Editors Note: This review is part of theatrebristol.net’s second open Mayfest Audience Reviews Project, and the opinions contained are soley those of the author and not those of Theatre Bristol as an organisation, nor should they be attributed as such. For more information about the reviews project contact .
First up for Mayfest 2010 was the Forest Fringe Microfestival. Taking over the Old Vic for the weekend, the Microfestival offered a mighty spread of tiny treats for audiences who were up for seeking them out.
I started my evening with a (bargain 2-4-1) glass of wine and some musical comedy in the Paint Shop courtesy of Little Bulb. They kept us giggling along with their dramatically performed tunes which encompassed such impromptu subject matter as transporting Bristol University on a ship to China, and a song with lyrics crafted from two paper items pulled from audience members’ pockets: a hospital appointment letter and a debit card train ticket receipt.
And then I set off on a wander to see what I could find. Rumours abounded: Where was the light bulb that was out, did I know? Had I found the map? What map? What light bulb? Clearly I hadn’t stumbled upon the starting instruction for either of these little interventions that had others transfixed. I did find myself plunging down other rabbit holes though. I couldn’t resist picking up a ringing telephone in the Paint Shop, which led me out of the building into central Bristol to hug a hoodie until he fell asleep in my arms. He seemed to fit into his surroundings almost too well if the reactions of some other Bristolian Saturday night revellers passing were anything to go by.
I booked myself in for a quick trip to Space with Tinned Fingers, choosing Van Morrison singing ‘Moondance’ as my co-pilot on an adventure which was possibly not the best cure for my Mayfest Opening Party induced hangover. I don’t think I should tell too much, but I did like the idea that I could go to space in an armchair – very civilised.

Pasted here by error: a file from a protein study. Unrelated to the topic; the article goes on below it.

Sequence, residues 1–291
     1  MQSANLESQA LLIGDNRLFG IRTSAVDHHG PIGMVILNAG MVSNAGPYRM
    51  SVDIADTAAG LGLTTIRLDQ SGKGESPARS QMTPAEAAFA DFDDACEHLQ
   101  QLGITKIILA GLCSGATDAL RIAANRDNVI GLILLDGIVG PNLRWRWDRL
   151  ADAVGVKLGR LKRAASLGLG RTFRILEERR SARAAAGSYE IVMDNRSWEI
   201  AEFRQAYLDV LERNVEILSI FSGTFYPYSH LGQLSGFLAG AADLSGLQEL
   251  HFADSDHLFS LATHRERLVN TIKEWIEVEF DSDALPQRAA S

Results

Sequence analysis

There seemed to be a bit of a trend for experiences to offer a financial transaction … in my favour – I came away from the hugging that hoodie with a hoodie to keep, I had a minute of my time bought from me for £1 (all my rights signed away though), and ideas could be bought or sold at The Ideas Cabinet. Now I’m guilty of this incessant gift giving in my own work too. I can’t decide if its all just rather charming generosity, or if us artists are not giving ourselves enough credit for our work: the performance is probably gift enough without the extra gift/bribe.
Just before congregating back in the Paint Shop I scratched the surface of the atmospherically presented Travelling Sounds Library, which contained several 30 minute long tracks I didn’t have a hope of having time to listen to in full to, by artists such as Duncan Speakman/Uninvited Guests and Blast Theory.
A fun and surprising evening wrapped up with contrasting pieces from two Bristol performance duos. Growing Old With You was a stylish, silent work-in-progress performance by Search Party involving lots of walking up and down a catwalk of salt, before Pete was soaked by buckets of water and then buried in piles of salt. A strong visual study of a relationship was starting to emerge, and I look forward to seeing where they go with this.
Bright Tomorrow by Action Hero was possibly the loudest seven minutes of my life, and saw James in customary heroic form this time as a tambourine-brandishing, rabbit-eared frontman, whilst Gemma shouted unceasingly but incomprehensibly into the microphone. It was tense and energetic, but mostly it was LOUD.
I never had a hope of finding everything that was on offer, but that is Forest Fringe’s intention. And I’m happy with that. I’d rather there was too much than not enough. But I might pop back tomorrow too, just to see what I missed first time…..